Tag Archives: milk

Got Milk?

This refers to an ad campaign in the U.S. showing various celebrities (and at least in one case, the Mona Lisa) with white “mustaches” from drinking milk. With gusto, you assume.
I am a milk freak and have been since I was a child. Had I been permitted to, I would have drunk (drank? drunken? drinked? Making it up as I go along here) milk with every meal and every snack. But I was only allowed to drink milk at breakfast. For lunch and dinner, my choices were sweetened iced tea and sweetened iced tea. For snacks, I could have Coca-Cola.
I still find this puzzling. My mother was a registered nurse and had to know that milk is much healthier than tea or Coke. The only thing I can come up with to explain it is that milk was more expensive.
I wasn’t permitted to drink coffee at all, ever, but that was mainly because my mother didn’t like it and we never had it in the house. She made it for my father, but once he moved out, that was the end of coffee in our house.
So I developed an addiction to Coca-Cola. My first semester in college, one day I realized I was drinking 6 Cokes a day. So, I just stopped. Don’t ask me how I managed to do that.
Then I developed an addiction to coffee. With cream and sugar. The only time I’d tasted it (from my father’s cup), it was black. It dawned on me that I didn’t live at home anymore so I could drink anything I liked! One day I was at work, and realized that I was using like 4 packets of sugar for a 6-ounce Styrofoam cup of coffee. I was making syrup. So I just stopped that too.
I wasn’t addicted to Cokes or coffee, I was addicted to sugar. I still drink coffee…two cups every morning, black…but almost no sodas at all. I might drink half a Coca-Cola once a year. The carbonation is strangely refreshing. I drink ginger ale about that often.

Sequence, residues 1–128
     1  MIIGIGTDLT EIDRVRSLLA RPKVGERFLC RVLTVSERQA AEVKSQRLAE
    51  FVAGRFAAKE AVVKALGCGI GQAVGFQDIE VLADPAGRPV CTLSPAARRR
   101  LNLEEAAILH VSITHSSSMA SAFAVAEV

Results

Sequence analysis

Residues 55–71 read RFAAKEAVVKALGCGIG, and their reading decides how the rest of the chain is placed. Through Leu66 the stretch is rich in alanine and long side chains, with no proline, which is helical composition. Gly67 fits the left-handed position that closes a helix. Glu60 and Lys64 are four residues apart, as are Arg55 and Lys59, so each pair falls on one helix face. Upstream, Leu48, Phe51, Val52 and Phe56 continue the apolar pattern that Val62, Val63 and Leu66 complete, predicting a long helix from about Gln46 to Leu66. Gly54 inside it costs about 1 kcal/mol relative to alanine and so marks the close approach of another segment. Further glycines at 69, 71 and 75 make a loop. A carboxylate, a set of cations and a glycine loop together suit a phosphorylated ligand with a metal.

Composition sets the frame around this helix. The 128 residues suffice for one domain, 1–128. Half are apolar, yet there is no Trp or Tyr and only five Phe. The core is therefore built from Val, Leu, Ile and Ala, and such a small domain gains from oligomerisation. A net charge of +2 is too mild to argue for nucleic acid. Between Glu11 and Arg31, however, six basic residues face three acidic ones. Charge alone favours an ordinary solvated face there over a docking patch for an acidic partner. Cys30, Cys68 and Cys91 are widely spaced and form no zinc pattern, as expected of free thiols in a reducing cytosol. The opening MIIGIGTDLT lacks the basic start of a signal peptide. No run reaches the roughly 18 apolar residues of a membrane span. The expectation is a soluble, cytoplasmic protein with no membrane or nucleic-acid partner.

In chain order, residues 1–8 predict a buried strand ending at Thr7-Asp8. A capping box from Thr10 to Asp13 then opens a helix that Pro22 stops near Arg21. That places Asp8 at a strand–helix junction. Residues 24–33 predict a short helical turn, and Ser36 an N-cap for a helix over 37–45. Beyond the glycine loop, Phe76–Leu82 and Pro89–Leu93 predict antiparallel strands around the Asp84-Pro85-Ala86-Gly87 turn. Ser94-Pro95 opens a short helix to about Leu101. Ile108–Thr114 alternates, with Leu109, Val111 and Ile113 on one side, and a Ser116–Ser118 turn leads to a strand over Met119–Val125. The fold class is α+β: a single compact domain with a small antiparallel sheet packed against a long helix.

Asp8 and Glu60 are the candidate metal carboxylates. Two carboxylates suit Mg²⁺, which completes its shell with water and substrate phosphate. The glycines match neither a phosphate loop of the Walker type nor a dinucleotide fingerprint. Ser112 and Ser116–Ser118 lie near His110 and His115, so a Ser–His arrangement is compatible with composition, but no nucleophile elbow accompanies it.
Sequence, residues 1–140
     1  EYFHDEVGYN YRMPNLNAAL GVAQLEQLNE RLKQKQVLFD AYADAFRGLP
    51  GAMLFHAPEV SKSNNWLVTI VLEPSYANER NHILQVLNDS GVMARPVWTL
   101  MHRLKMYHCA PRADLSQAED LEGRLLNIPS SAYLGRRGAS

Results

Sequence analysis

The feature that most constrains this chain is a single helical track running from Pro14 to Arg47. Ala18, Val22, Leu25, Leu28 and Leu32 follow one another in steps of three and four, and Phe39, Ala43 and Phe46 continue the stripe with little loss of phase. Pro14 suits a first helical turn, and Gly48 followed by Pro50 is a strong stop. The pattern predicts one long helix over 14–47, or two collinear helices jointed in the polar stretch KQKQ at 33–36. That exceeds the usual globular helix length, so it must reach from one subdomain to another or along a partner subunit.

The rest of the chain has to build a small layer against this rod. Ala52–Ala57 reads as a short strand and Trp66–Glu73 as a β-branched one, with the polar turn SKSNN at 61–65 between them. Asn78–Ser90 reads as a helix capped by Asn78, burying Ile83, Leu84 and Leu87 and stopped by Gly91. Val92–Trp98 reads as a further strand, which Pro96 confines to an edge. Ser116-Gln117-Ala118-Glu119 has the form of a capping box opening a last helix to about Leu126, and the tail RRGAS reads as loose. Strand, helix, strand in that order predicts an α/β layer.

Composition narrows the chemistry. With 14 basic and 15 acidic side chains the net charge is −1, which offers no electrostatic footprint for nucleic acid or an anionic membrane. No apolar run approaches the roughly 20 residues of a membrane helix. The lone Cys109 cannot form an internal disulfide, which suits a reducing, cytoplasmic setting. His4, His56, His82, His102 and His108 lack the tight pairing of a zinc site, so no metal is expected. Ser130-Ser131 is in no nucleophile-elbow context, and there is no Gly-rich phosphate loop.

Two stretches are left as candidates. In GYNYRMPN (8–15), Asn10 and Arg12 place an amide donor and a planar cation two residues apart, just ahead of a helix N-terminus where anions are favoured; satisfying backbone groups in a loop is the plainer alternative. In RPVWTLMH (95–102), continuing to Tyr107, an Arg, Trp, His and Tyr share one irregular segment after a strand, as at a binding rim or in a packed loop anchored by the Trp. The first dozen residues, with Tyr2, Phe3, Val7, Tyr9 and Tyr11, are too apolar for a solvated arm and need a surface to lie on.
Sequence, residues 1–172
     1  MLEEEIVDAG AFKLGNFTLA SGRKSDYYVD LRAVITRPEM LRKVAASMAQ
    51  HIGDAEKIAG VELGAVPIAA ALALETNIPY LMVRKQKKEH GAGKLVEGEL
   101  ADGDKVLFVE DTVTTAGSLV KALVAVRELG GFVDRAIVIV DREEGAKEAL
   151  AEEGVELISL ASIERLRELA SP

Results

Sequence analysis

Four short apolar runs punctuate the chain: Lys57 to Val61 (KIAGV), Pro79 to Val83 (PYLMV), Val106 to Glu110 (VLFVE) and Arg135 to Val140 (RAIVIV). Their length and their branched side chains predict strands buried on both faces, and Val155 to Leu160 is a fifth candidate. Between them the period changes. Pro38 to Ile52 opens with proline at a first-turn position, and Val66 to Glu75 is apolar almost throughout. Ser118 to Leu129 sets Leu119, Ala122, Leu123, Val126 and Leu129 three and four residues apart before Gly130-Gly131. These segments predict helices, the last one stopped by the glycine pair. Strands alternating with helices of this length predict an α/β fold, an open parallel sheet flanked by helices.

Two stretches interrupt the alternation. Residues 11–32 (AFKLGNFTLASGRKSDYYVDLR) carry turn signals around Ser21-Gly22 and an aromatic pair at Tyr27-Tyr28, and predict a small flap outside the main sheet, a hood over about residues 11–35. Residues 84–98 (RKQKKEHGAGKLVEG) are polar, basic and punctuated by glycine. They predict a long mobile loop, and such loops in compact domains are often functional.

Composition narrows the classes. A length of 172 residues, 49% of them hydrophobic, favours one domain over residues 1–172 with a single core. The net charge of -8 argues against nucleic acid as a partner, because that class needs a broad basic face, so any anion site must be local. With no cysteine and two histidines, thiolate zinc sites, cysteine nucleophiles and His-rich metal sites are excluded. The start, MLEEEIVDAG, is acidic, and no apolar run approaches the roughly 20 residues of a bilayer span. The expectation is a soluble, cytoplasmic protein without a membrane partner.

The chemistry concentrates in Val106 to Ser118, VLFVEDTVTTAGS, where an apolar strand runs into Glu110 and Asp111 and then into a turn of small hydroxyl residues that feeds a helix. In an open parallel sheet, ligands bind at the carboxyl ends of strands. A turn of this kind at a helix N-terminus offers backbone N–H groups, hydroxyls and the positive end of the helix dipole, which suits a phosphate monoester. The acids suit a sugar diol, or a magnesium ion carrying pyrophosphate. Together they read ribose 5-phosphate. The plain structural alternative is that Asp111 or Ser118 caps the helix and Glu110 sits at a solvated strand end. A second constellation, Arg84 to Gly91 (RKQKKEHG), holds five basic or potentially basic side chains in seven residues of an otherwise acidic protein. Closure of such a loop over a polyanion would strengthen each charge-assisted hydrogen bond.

Back to milk. I still love it and drink it at every meal, unless I have to try to act elegant and drink wine instead. But it turns out, I’m a mutant. Only 70% of the world’s population continues to produce the enzyme lactase after childhood, and it’s required in order to digest milk, whether it comes from your mother or from a cow or a goat or a fill-in-the-blank. It also turns out that people with extreme Northern European ancestry (Scandinavia, the British Isles) are most likely to continue to produce lactase (90% probability). People of African or Asian descent have only a 10% probability.
I knew about lactose intolerance in cats, which I learned the hard way. I once rescued this little feral kitten from the streets of New Orleans (“Erin”), who wasn’t weaned and didn’t know how to eat solid food. So I added milk. He snarfed it up. Once he began eating the solid food, I quit adding milk. Later on, I decided to give him milk as a treat and he was the very definition of sudden projectile vomiting. It was very impressive. Halfway across the room.
But it isn’t just cats…it’s all mammals. I can think of a lot of good evolutionary reasons for this. For one thing, it encourages the baby mammals to become independent and start eating other things, and if necessary, to go out and hunt for them. (Mom will not always be there.) It lets the mother rest and build up reserves for the next baby.
I’d like to mention that I had another cat who got sick and I fed her baby food meats mixed with rice, on the advice of the vet. While I’ve never tried canned or dry cat food, baby food veal is really yummy stuff. I hope PETA isn’t reading.
But lucky me! I can still drink milk and eat ice cream to my heart’s content.